Tom Burns: An eggy celebration of spring


Both the first day of spring, called the vernal equinox, and Easter have now passed. If your family is like mine, you’ll almost surely find a few remnants of both celebrations hanging around in your refrigerator. The egg is, after all, both a symbol of the new life that springtime embodies and an integral part of our Easter celebration.

Spring is also a time to ask profound questions, and I can’t think of a greater issue than one that has perplexed humans since the dawn of human intelligence. Can we balance an egg on its end on or near the vernal equinox?

Well, of course we can. Before you accuse your neighborhood astronomy columnist of being a hard-boiled purveyor of scrambled mythological insanity, read on, skeptical reader.

The egg has always been a tasty symbol of springtime. Contained within the egg is the promise of new life and rebirth. Christians give their children eggs on Easter, a springtime celebration that has obvious ties to death and rebirth.

We mark the first day of spring by purely astronomical means. Earth orbits the sun once a year. We have seasons in the first place because our planet’s axis of rotation is tilted about 23 degrees with respect to the path of its orbit. On the summer solstice, the first day of summer, the northern part of Earth’s axis is pointed toward the sun. As a result, the northern hemisphere leans in toward the sun. The sun’s rays hit our hemisphere more directly, from straight above us, so to speak. On the first day of winter, the winter solstice, our hemisphere is pointed away from the sun. The sun’s rays hit us at a more glancing angle, and colder weather results. The entire process is reversed for the southern hemisphere, of course.

The vernal equinox happens halfway between the two solstices. Earth’s axis is pointed perpendicularly to the sun. Egg-balancing aficionados believe that the tilt of the axis somehow balances out the sun’s gravity, and ovoid madness sweeps the planet. Similar astronomical conditions exist at the autumnal equinox, of course, but the first day of fall apparently doesn’t generate the same eggy enthusiasm as the vernal variety.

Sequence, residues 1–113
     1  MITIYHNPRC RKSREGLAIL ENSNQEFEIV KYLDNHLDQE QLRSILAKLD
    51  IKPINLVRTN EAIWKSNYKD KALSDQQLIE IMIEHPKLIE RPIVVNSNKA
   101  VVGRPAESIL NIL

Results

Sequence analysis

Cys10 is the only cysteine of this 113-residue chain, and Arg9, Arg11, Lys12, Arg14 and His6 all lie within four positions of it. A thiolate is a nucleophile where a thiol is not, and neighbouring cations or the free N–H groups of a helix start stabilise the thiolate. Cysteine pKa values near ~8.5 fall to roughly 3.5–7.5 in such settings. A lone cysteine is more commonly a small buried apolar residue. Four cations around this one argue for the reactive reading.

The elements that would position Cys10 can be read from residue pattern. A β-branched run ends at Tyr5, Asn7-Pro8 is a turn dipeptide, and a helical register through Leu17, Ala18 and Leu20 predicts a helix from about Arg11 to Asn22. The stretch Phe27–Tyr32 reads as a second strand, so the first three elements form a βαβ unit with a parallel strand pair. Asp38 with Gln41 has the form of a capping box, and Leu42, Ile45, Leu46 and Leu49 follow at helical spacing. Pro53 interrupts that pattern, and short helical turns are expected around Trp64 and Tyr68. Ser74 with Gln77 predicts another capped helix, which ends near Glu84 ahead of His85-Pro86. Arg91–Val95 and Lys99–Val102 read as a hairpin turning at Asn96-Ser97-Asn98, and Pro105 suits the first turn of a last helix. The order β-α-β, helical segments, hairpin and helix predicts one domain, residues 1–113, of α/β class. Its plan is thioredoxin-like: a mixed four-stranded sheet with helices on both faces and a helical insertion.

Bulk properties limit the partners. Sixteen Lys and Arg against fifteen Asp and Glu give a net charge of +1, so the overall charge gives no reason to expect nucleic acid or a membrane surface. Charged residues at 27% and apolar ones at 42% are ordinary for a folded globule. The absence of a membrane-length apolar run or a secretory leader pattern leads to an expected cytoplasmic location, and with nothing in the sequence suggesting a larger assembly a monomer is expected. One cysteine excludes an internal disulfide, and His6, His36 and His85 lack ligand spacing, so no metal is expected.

Any astronerd will tell you that vernal egg magic is a bunch of hoo-ha. Earth spins on its axis. Your gravitational orientation with the sun is constantly changing. Also, the moon exerts far more gravitational force on planet Earth, and it’s up there moving around like crazy according to a completely different cycle than Earth’s revolution around the sun.

Eggs are problematic to balance for two reasons. They must rest on a single point on their surface. It’s simply difficult for the amateur ovum balancer to find the eggs-act gravitational centerline of the ovoid. Also, the yolk of an egg is much denser than the clear part, and the yolk sits high in the egg. The high center of gravity makes the egg want to fall over. Try balancing an ice pick and you’ll see what I mean.

Still, with a little patience you should be able to balance an egg on March 21, 2017. In fact, you should be able to do it on any day of the year if you know the tricks of the trade. The main trick, which I have poached from various old magic books, is to try a whole mess of eggs. Eventually, you’ll find one that balances better than the rest. Take a careful look at the “magic” egg. You’ll see little bumps on the bottom in just the right places help the egg stand upright.

You can significantly increase your apparent ability by shaking the egg repeatedly before you start. You’ll spread the yolk out within the egg and lower its center of gravity, making egg balancing a relative breeze. (Hold the egg firmly but not too tightly. You don’t want to get egg on your face.)

Don’t follow the common advice and use a leftover hard-boiled Easter egg. It spoils the springtime magic if you can’t crack the egg after you’ve performed the trick.

Old myths die hard. If you know people who still believe in the gravitational magic of the vernal equinox, tell them that the yolks on them.

Tom Burns


Tom Burns is director of the Perkins Observatory in Delaware.

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